Thames Valley PCC elections: Public's viewsAs polling day approaches for the first ever Police and Crime Commissioner elections, what factors are influencing the way people vote?
A BBC Police Box has been touring the Thames Valley and inviting the public along to talk about the police and crime issues that are important to them.
Terry Ambrose, of Cippenham in Berkshire, said tackling anti-social behaviour should be "top of the list".
He said he was badly affected by this type of crime when he lived in Britwell.
"There were youths drinking, throwing bottles at my bungalow," he added. "It went on for two or three years. One policeman said to me, 'Here we go again'.
"The police are resigned to the fact that certain areas are bad. But the police know where the hotspots are and I think the police need to put more presence in those hotspots."
Thames Valley Police Chief Constable Sara Thornton said there had been "a real focus in reducing burglaries in the Thames Valley" this year.
In future the Police and Crime Commissioner will work closely with her to decide how much of the force budget should be spent in this area and how big a priority this is for the force.
The old adage "more bobbies on the beat" is something communities in the Thames Valley cite as a big priority.
George Crane, of Wantage, said: "I would like to see more bobbies on the beat rather than driving about in patrol cars all the time. More bobbies on the beat so that they can be seen, even on bikes."'Domestic abuse'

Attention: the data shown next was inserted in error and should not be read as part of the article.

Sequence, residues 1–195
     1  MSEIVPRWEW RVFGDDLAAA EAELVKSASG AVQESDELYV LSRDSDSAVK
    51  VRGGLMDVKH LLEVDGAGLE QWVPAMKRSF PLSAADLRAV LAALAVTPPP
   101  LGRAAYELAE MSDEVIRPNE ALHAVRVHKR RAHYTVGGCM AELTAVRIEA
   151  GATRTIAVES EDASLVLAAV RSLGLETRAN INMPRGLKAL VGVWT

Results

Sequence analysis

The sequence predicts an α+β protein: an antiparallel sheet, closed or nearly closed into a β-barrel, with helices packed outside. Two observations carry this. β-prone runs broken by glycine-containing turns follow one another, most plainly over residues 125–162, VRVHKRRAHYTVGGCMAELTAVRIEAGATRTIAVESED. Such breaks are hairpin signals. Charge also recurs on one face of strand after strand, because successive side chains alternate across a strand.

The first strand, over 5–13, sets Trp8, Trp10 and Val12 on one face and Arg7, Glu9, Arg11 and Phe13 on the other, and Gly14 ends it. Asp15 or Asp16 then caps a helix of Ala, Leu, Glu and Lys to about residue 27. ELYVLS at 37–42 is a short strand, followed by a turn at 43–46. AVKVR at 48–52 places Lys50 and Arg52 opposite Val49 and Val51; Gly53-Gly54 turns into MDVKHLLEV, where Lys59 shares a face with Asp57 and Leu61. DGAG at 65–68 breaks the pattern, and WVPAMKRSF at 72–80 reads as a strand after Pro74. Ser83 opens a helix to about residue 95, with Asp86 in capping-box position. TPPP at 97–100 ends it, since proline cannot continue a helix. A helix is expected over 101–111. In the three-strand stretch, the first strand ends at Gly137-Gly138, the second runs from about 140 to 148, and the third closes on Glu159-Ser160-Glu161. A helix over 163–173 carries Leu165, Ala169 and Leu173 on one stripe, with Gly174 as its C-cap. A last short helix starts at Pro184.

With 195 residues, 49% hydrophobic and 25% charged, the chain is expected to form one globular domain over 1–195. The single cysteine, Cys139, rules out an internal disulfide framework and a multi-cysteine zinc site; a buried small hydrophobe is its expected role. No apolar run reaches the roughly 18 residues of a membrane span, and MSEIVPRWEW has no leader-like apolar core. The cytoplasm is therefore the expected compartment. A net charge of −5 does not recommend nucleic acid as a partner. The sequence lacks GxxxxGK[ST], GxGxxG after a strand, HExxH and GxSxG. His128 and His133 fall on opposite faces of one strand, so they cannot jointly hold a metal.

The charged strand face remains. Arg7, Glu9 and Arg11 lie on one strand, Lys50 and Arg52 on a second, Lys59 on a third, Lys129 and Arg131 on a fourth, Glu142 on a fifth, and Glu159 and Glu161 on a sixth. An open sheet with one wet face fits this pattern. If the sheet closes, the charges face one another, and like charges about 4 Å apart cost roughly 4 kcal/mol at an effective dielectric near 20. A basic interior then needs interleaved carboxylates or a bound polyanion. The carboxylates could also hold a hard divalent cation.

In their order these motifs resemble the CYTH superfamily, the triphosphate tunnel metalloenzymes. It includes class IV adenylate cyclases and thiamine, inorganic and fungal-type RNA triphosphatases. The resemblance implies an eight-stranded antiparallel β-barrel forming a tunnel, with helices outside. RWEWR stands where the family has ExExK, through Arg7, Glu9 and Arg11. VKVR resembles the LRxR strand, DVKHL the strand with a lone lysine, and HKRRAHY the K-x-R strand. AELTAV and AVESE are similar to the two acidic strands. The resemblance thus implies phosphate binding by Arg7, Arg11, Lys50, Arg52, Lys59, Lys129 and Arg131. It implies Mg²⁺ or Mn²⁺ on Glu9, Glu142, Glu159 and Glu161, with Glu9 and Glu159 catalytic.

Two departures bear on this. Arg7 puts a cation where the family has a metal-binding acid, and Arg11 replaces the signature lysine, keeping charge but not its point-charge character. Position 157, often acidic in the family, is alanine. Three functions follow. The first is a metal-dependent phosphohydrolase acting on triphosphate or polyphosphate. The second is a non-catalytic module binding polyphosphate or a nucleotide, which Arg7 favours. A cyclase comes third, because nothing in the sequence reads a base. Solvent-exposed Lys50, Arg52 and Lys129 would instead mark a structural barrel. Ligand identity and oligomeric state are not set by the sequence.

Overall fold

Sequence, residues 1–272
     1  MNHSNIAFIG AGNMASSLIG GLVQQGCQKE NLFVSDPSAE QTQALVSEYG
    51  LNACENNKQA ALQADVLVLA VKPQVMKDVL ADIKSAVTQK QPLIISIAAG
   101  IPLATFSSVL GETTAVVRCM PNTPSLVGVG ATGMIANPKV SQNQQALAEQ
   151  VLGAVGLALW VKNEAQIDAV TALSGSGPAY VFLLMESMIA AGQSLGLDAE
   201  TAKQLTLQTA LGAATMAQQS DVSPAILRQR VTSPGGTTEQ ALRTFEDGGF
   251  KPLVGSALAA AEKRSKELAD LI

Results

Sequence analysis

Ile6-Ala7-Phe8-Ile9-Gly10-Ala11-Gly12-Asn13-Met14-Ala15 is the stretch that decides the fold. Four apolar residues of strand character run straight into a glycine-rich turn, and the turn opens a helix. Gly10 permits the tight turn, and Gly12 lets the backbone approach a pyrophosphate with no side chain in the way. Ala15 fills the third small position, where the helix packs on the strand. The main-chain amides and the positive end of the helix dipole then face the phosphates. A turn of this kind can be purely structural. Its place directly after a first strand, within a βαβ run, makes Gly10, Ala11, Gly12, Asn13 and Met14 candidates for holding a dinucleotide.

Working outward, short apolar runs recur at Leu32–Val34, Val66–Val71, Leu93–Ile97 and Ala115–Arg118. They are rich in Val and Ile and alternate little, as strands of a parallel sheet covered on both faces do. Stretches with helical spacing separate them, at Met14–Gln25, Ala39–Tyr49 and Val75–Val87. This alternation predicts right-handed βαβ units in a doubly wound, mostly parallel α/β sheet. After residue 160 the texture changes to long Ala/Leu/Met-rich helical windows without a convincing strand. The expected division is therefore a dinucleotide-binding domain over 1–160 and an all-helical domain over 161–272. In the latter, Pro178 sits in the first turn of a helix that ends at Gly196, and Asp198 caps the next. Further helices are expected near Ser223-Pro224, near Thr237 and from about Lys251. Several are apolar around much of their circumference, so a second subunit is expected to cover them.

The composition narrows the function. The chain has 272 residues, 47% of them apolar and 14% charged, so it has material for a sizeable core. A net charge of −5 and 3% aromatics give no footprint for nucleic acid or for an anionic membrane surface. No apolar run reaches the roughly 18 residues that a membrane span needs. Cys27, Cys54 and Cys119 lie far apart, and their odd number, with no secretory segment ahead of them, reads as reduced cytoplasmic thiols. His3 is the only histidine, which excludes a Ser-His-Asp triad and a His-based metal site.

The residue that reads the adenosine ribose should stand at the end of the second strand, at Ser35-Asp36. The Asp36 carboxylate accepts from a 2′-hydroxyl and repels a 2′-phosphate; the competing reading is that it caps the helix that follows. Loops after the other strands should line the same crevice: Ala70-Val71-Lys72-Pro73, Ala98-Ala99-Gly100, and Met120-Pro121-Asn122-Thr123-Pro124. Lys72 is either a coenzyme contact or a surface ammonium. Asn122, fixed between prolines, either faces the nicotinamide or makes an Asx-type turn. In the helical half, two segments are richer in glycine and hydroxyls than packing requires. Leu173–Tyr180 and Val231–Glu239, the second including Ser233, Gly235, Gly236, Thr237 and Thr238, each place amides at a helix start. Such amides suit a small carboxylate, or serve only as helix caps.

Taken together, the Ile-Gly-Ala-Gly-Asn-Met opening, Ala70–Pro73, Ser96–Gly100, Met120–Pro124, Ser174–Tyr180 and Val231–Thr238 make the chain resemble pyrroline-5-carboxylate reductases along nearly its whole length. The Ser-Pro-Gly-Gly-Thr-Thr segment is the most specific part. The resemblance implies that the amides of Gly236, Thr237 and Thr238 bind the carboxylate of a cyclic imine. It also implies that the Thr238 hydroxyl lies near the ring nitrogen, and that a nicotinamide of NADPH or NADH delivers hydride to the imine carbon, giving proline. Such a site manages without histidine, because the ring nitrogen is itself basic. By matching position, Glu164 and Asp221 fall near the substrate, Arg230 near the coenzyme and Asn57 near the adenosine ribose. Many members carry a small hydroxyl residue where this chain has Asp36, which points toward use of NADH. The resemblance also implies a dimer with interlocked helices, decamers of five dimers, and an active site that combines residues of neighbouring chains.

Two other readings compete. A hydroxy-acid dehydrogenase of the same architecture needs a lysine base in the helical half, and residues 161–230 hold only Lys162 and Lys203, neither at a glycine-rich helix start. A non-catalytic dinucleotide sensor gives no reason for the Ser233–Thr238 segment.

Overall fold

Supt Stuart Greenfield, the Area Commander for Reading, said that committing officers in this way was not always the way to best reduce crime.
He said: "We don't just deal with bobbies on the beat these days. It's an ever more complex world. Domestic abuse, missing persons, mental health issues, our officers are having to deal with all of these issues."
Some people came to the BBC Police Box to explain why they had decided not to vote.
Bernard Harris, of Berinsfield, said: "I won't be voting because I think it's an absolute waste of waste of money. The police force runs perfectly well as it is, so why should we pay £85,000 a year plus expenses for a new commissioner?"
Regardless of how many people turn out to vote, Police and Crime Commissioners job will command considerable power.
They will hold the chief constable to account, and will decide on how to spend the Thames Valley Police budget of about £380m.
Voters can find out about candidates on the government's candidate information website.